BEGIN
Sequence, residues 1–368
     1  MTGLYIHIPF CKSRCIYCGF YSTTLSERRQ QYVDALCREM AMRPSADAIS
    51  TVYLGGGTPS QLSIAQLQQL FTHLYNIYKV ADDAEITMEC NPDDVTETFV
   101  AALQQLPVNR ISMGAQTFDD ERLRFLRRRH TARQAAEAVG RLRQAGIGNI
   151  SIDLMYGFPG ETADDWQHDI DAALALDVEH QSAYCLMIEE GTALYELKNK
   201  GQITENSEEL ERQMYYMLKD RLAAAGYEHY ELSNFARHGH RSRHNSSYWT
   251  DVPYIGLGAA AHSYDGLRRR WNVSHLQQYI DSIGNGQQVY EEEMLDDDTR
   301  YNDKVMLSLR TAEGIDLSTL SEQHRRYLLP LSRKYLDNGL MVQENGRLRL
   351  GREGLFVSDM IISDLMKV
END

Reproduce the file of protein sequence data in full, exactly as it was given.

Sequence, residues 1–368
     1  MTGLYIHIPF CKSRCIYCGF YSTTLSERRQ QYVDALCREM AMRPSADAIS
    51  TVYLGGGTPS QLSIAQLQQL FTHLYNIYKV ADDAEITMEC NPDDVTETFV
   101  AALQQLPVNR ISMGAQTFDD ERLRFLRRRH TARQAAEAVG RLRQAGIGNI
   151  SIDLMYGFPG ETADDWQHDI DAALALDVEH QSAYCLMIEE GTALYELKNK
   201  GQITENSEEL ERQMYYMLKD RLAAAGYEHY ELSNFARHGH RSRHNSSYWT
   251  DVPYIGLGAA AHSYDGLRRR WNVSHLQQYI DSIGNGQQVY EEEMLDDDTR
   301  YNDKVMLSLR TAEGIDLSTL SEQHRRYLLP LSRKYLDNGL MVQENGRLRL
   351  GREGLFVSDM IISDLMKV